About the effects of being able to easily identify the top posters on Ello: I just want to say, as a placeholder for something I should really say, that all social systems have inequality, and that one of the inequalities is 'who recognizes who.'
That pattern is a side-effect of human life at any supra-tribal scale, and it always obeys some power-law-ish distribution. (A few widely recognized individuals, a majority of sparsely recognized ones.) At a glance at some of the user lists, Ello is already there, with preferential connectivity having put Ello's creators at the top ranks of that distribution.
That this inequality is universal does not mean that any inequality is the same as any other one. Power law distributions have slopes, and the steeper the slope, as graphed, the greater the inequality is.
When I advocate for making social search hard, I am not saying "...so that Ello will be a land of pure equality, where rainbow-flavored unicorns cavort in the comments." I am saying "...so that Ello does not become so unequal that people like @warrenellis leave."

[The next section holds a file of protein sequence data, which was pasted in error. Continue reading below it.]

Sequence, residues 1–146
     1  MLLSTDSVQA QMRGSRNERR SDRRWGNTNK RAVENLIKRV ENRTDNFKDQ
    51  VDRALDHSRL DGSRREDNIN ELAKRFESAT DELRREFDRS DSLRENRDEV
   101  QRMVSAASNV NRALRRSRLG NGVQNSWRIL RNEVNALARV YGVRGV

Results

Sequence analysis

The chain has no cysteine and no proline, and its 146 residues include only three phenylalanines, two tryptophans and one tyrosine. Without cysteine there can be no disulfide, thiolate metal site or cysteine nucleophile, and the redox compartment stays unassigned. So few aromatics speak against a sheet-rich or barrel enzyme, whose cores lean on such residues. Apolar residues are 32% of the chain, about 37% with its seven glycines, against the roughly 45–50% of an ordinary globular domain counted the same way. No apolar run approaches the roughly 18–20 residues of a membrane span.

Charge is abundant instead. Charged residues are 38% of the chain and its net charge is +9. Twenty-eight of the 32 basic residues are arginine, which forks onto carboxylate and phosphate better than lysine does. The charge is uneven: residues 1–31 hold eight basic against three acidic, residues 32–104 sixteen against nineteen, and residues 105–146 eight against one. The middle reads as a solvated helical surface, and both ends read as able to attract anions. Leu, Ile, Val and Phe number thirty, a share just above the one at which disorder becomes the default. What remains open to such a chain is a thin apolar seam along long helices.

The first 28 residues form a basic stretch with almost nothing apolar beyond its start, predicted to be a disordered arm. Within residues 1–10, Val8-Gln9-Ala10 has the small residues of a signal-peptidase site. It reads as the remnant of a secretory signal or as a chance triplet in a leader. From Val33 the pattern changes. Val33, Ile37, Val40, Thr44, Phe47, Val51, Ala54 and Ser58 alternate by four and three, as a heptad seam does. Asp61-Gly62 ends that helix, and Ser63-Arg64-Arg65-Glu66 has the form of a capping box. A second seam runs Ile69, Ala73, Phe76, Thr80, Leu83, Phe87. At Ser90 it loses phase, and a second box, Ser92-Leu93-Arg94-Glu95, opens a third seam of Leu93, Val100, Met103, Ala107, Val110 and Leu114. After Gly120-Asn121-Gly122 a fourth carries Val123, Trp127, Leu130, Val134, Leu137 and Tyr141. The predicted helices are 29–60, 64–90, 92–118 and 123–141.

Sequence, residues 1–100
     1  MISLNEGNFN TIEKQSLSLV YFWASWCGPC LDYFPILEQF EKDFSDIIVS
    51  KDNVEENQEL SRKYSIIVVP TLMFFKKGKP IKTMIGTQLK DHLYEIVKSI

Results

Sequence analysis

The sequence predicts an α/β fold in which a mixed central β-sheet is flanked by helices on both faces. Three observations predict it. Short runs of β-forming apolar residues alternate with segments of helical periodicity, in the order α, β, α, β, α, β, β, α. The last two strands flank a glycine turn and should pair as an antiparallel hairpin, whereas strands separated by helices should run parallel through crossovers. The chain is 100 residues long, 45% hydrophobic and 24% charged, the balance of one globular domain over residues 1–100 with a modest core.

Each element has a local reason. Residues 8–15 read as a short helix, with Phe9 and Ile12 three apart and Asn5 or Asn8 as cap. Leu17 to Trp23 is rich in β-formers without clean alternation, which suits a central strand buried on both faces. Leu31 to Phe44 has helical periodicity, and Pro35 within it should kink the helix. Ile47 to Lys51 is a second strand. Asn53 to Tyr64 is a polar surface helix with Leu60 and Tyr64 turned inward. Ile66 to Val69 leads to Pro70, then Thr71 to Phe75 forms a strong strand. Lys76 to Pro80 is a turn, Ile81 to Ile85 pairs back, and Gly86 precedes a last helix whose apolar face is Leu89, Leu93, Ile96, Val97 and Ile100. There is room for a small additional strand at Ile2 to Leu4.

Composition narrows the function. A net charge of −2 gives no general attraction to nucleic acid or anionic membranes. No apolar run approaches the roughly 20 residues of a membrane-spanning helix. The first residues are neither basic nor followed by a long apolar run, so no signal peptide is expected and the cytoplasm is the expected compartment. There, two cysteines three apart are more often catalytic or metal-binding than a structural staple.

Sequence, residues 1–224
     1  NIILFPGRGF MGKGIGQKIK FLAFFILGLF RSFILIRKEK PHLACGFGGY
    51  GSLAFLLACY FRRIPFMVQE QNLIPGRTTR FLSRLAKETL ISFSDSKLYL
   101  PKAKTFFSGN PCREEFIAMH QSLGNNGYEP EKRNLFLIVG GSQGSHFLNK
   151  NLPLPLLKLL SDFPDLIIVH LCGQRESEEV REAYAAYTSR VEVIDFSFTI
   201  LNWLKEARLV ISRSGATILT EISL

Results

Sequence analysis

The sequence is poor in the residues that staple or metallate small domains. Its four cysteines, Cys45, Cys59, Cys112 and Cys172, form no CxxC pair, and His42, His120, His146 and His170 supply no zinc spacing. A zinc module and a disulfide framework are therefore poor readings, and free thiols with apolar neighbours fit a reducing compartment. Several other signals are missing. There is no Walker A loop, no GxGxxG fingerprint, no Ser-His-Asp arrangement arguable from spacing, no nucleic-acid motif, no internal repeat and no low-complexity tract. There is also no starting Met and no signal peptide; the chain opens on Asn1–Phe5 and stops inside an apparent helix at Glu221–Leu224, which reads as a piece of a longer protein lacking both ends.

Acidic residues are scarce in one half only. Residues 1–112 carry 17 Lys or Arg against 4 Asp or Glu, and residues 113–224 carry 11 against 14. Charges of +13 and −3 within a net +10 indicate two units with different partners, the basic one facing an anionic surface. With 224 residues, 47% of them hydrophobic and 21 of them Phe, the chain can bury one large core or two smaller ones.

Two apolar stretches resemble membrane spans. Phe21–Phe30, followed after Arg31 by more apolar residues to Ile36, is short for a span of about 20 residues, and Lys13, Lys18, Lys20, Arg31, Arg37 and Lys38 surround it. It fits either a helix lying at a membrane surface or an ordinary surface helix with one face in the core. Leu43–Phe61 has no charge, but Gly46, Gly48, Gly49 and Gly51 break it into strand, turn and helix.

One common reaction to my advocacy of an intentionally hard pattern has been to say "I don't think you can stop the rich-get-richer phenomenon." This is exactly right, and I'd never advocate stopping it. What you can get, though, is an equilibrium where the slope is flatter or steeper. And from my pov, a lot of what has made Ello interesting is that the slope is (has been) fairly flat.
Ellis was clearly enjoying a world where he was an interesting guy, and not The Famous Warren Ellis, because how many public places are there for him on the internet where he can be the latter? Approximately all of them. And how many public places are like the former? Zero for a long time, then one for a few weeks, and now back to zero again.
And when he left, I thought "Oh god, I hope he's wrong and not just prescient."